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WTO says EU illegally taxes China steel fasteners

GENEVA (AP) — The World Trade Organization ruled Friday in favor of China in its case alleging the European Union is illegally taxing steel fasteners of all sizes needed for everything from furniture to cars to bridges.

The WTO’s appellate body said in its ruling that the EU isn’t complying with international commerce rules by imposing anti-dumping duties on the Chinese-made fasteners.

It said the 27-nation bloc isn’t calculating them fairly because it considers China to be a single exporter, rather than treating its companies individually.

It means the EU may have to adopt new regulations to lower its anti-dumping duties, but it will have broader impact still.

That is because the ruling says anti-dumping duties must now be set according to individual companies, not on country-wide basis, for China and other WTO-member nations such as Vietnam that are considered by the EU to lack free-market economies.

China and the European Union, its biggest trade partner, have been involved in their “fastener dispute” since 2009 when China asked the WTO to examine the EU’s charges on imports of Chinese steel fasteners.

China brought the case on behalf of more than 1,700 producers who have been selling the steel fasteners at 30 percent to 50 percent below European prices.

The EU had slapped Chinese exporters with trade duties of up to 85 percent until 2014, arguing they were needed to keep China from dumping its cheaper products and harming EU industry’s competitiveness.

The EU has more than 300 such producers, but the WTO said the EU had failed to show that a “major proportion” of that industry was harmed. Instead, it said, the EU had demonstrated that only 27 percent of its fastener production was affected.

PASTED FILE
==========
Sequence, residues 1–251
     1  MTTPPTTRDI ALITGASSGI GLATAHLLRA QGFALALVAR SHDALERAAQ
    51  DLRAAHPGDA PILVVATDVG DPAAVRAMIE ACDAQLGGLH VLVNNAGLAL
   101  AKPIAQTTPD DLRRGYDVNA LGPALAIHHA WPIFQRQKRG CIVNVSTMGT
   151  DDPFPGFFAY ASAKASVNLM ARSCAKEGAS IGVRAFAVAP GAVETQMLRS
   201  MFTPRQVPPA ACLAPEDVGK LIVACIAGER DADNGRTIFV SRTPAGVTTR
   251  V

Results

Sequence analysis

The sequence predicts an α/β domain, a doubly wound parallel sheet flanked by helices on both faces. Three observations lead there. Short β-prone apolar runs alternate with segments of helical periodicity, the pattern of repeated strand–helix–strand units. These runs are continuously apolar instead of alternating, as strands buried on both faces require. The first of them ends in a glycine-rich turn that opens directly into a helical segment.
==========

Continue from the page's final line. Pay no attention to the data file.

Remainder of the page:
Governments investigate dumping when they suspect foreign producers are exporting goods at artificially low prices — usually as a result of subsidies or in an attempt to corner a market.

The WTO cannot force countries to comply with its rulings, but it can authorize commercial sanctions against nations continuing to break the rules. Trade cases generally take years to reach that point.

China, too, has imposed anti-dumping duties on some European steel products and accused Europe of protectionism for extending curbs on imports of Chinese shoes.

China is the world’s biggest steel producer and has faced complaints it is harming foreign producers by dumping steel in foreign markets. The United States has imposed anti-dumping duties on several types of Chinese steel products.

Source: Danbury News Times

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